Salo, or the 120 Days of Sodom (The Criterion Collection) [Blu-ray]
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The notorious final film from Pier Paolo Pasolini (Mamma Roma), Salò, or the 120 Days of Sodom, has been called nauseating, shocking, depraved, pornographic . . . It’s also a masterpiece. The controversial poet, novelist, and filmmaker’s transposition of the Marquis de Sade’s eighteenth-century opus of torture and degradation to Fascist Italy in 1944 remains one of the most passionately debated films of all time, a thought-provoking inquiry into the political, social, and sexual dynamics that define the world we live in.
BLU-RAY SPECIAL EDITION FEATURES • High-definition digital restoration, with uncompressed monaural soundtrack • “Salò”: Yesterday and Today, a thirty-three-minute 2002 documentary featuring interviews with director Pier Paolo Pasolini, actor-filmmaker Jean-Claude Biette, and Pasolini friend Ninetto Davoli • Fade to Black, a twenty-three-minute 2001 documentary featuring directors Bernardo Bertolucci, Catherine Breillat, and John Maybury, as well as scholar David Forgacs • The End of “Salò,” a forty-minute documentary about the film’s production • Video interviews with set designer Dante Ferretti and director and film scholar Jean-Pierre Gorin • Optional English-dubbed soundtrack • Theatrical trailer • PLUS: A booklet featuring essays by Neil Bartlett, Breillat, Naomi Greene, Sam Rohdie, Roberto Chiesi, and Gary Indiana, and excerpts from Gideon Bachmann’s on-set diary
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Top Customer Reviews
The film is set up in four stages, the first being the ante-inferno, which refers to those who are not quite condemned to hell but also not allowed into heaven either. The film's setting is meant to feel like a brief moment in purgatory with its isolated party of characters doing unspeakable things before judgment, and then it all must end. The second stage is the circle of manias, or obsession, where we see the sexual humiliation of the film manifest itself further. The third stage is the circle of excrement, which is where we see the characters consume feces. Pasolini has used this as a metaphor broadly for the perverse level of consumption depicted in the film overall, and directly as a commentary on mass-produced foods and consumerism.Read more ›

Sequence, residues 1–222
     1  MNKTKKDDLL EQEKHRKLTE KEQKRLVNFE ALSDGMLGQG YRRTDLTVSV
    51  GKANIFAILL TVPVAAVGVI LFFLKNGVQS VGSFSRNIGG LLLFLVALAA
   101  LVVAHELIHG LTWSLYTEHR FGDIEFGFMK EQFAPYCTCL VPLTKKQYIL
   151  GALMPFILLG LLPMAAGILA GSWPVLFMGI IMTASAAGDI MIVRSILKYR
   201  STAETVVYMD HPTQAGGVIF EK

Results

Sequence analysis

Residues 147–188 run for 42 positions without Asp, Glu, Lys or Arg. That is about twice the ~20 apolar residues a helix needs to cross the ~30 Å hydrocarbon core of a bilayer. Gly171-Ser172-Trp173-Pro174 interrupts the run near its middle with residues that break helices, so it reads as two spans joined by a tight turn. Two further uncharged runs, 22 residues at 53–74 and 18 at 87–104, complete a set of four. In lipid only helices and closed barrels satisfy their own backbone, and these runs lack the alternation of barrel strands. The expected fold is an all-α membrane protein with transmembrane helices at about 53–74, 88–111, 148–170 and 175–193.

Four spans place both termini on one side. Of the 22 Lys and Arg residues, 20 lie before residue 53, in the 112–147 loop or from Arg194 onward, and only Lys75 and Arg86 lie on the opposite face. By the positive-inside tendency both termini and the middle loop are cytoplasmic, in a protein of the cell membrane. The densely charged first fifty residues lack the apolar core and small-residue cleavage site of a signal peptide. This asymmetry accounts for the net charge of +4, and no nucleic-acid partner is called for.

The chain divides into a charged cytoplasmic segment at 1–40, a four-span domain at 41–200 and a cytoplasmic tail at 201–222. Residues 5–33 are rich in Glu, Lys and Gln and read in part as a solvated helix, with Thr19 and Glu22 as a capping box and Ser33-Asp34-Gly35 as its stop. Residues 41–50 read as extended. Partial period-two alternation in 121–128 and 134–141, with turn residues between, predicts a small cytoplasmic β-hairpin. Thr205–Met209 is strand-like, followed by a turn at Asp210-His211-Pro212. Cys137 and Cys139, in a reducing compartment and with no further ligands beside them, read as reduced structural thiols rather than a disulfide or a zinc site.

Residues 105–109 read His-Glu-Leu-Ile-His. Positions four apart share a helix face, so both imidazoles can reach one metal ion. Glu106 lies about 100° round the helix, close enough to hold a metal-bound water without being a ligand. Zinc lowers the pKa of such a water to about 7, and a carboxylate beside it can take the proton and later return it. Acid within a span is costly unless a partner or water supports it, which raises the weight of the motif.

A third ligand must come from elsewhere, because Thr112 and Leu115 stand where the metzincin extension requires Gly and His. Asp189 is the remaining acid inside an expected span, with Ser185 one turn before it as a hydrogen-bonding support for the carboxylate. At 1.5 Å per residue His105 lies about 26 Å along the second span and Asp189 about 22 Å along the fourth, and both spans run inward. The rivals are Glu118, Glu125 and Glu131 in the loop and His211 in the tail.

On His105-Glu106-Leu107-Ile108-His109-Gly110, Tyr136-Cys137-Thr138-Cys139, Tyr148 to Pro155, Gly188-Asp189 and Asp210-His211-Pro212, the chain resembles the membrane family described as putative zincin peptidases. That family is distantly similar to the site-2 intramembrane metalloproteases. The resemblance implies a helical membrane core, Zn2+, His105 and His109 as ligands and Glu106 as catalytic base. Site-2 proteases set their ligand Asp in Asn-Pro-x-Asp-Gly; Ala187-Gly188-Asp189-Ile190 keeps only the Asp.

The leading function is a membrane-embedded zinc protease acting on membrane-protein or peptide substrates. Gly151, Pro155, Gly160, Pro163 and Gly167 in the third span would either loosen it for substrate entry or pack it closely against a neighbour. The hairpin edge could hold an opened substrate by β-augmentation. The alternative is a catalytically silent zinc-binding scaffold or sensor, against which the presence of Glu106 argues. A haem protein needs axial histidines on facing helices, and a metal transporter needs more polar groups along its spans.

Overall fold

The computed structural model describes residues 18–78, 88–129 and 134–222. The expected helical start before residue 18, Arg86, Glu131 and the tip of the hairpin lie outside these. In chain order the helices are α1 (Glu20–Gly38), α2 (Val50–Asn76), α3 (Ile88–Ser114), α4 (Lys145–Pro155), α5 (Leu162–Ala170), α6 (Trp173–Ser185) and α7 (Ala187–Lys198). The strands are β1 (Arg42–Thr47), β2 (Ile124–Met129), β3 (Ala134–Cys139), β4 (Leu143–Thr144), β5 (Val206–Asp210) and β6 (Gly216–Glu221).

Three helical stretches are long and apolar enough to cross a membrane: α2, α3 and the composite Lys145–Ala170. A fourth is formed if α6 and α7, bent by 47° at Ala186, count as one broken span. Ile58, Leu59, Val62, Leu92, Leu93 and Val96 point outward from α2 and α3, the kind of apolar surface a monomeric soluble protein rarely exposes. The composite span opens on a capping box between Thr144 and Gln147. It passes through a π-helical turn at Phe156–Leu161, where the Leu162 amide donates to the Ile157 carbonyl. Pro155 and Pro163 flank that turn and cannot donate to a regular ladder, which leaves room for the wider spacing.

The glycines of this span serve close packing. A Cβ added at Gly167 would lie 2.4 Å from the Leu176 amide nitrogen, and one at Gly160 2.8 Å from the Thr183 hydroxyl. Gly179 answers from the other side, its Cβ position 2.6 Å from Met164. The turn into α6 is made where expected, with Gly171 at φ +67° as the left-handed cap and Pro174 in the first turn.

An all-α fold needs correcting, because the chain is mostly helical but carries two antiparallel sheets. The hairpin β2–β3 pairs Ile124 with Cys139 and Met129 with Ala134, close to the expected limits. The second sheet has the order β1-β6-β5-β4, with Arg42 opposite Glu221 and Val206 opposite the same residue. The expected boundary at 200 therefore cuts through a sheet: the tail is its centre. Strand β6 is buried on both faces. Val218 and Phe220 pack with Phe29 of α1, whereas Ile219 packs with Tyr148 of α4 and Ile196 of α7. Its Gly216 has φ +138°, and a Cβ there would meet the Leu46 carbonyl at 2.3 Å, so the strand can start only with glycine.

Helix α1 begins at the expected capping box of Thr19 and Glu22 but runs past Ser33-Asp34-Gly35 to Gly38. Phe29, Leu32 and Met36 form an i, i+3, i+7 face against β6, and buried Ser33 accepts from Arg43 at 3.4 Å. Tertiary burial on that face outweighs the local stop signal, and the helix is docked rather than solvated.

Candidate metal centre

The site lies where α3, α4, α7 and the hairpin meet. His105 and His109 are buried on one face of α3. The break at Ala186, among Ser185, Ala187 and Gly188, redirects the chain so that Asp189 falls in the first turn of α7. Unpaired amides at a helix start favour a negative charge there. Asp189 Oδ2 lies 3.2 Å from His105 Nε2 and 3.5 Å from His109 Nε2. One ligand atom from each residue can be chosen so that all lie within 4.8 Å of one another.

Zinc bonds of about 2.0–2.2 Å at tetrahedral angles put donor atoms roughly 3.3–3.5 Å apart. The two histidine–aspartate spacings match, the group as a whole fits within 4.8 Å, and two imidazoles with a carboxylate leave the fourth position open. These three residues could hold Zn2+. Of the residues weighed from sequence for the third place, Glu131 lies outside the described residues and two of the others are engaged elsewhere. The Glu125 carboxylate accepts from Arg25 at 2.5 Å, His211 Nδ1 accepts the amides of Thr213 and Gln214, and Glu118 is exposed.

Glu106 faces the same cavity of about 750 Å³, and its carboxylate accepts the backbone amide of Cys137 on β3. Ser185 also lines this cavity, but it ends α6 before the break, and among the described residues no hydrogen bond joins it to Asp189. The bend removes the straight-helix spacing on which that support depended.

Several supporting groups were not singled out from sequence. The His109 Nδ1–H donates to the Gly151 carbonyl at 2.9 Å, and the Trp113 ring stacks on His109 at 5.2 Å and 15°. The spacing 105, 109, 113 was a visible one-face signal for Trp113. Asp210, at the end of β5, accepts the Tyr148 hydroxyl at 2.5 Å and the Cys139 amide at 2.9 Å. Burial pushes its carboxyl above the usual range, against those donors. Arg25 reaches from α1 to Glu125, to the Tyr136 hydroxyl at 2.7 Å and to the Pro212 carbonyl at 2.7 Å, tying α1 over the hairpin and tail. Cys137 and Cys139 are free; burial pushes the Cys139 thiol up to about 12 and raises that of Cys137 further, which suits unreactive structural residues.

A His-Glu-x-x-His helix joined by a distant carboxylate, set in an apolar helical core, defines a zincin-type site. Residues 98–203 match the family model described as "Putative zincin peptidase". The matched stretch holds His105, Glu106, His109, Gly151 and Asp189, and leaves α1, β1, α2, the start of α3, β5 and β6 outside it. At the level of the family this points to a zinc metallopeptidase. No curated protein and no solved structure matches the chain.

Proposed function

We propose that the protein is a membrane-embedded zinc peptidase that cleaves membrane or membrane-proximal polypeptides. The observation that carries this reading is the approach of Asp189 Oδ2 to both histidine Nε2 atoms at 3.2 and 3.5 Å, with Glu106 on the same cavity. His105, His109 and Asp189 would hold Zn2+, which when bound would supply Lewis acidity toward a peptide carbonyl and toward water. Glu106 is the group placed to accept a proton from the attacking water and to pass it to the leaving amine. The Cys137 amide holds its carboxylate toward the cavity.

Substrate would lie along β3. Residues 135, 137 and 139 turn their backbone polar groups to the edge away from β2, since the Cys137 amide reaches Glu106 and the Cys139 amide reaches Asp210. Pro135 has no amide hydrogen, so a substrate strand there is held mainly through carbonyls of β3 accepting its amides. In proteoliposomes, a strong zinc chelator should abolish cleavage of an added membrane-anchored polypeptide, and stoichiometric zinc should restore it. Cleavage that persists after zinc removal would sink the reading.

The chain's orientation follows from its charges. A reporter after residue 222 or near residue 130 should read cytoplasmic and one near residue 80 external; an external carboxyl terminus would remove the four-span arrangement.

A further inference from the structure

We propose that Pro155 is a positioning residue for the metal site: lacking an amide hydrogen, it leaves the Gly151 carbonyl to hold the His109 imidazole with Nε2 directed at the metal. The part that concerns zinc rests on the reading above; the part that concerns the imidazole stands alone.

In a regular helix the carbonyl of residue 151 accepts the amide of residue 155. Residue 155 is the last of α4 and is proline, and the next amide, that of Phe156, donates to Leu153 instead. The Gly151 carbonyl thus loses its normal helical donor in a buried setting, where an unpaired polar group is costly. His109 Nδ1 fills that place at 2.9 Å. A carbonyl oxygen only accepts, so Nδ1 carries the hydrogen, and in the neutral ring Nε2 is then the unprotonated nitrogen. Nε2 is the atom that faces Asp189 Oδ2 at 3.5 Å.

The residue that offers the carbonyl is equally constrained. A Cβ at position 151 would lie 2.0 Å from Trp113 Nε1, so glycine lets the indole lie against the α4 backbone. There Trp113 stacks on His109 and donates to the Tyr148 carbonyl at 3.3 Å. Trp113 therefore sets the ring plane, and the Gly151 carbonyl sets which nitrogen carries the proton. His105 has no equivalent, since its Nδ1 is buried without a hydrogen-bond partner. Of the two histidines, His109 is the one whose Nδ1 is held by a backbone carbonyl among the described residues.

There aren't any extras on the Criterion DVD in my possession, apart of a written essay delivered in the case. The colours are sad and, unfortunately, SALO being extremely verbose, the subtitles most of the time hide a great part of the action on the screen.
Now for the movie itself. Everybody has understood that SALO is an allegory about fascism using the disguise of an illustration of the Marquis de Sade novel. That's all. So why all the fuss about this movie ? Simply because it was the first time that a reknown director explicitly showed on screen sexual perversions implying scatology and torture. Now if this film has stopped in any way the rise of the fascism in the world, I let you find the answer by yourselves.
It's a powerful expression of disgust for the modern times. And shows us Passolini's infernal vision to the eternal darkness of humanity.
It's hard to watch and stand the torture scenes. But the film itself is not disgusting at all! There is a wonderful esthetic during the movie, even in the torture scenes. (Like the enchanting chorus "Veris Leta Facies" from Carl Orff's Carmina Burana which was playing during the most terrfying tortures)
Probably it's Passolini's masterpiece... And a must see for the cinema specialists...
Most recent customer reviews
Pretentious, sadistic, horrid, disgusting, I ended up throwing it out. Passolini at his most twisted.Published 23 months ago by Robert C. Mercier
For me, this was not worth more than one viewing. I was curious about the controversy and merit of this film. Read morePublished on July 1 2014 by nobody
I finally sat down and watched this whole thing in one sitting (I've seen bits of it before). I guess it's kind of a documentary. Read morePublished on Feb. 10 2014 by Len the Sound Guy
I bought this DVD out of interest and found the film quite boring, no point in watching it, bunch of perverted people aimlessly enjoying humilating others, doesn't deserve the... Read morePublished on July 26 2009 by Richard T. Daoud
Visually, a triumph of cinematic art. Morally. a greater triumph still, as it shows the depths to which humans are capable of sinking under certain circumstances. Power corrupts. Read morePublished on Nov. 11 2008 by J. Komar
This is the most twisted, worthless movie of all time. All copies of it should be destroyed. Do not waste your money on it. Amazon should remove it as a item for sale.Published on Oct. 3 2008 by moth
This is a real life snuff film. If you watch it you're just as disgusting as the maker.Published on June 6 2005
The conspiracy theories, the bootlegs, the ceremonial passing around of 'sealed' copies (gonna watch it, son?) on eBay for obscene amounts of money... Read morePublished on June 25 2004 by S. Lu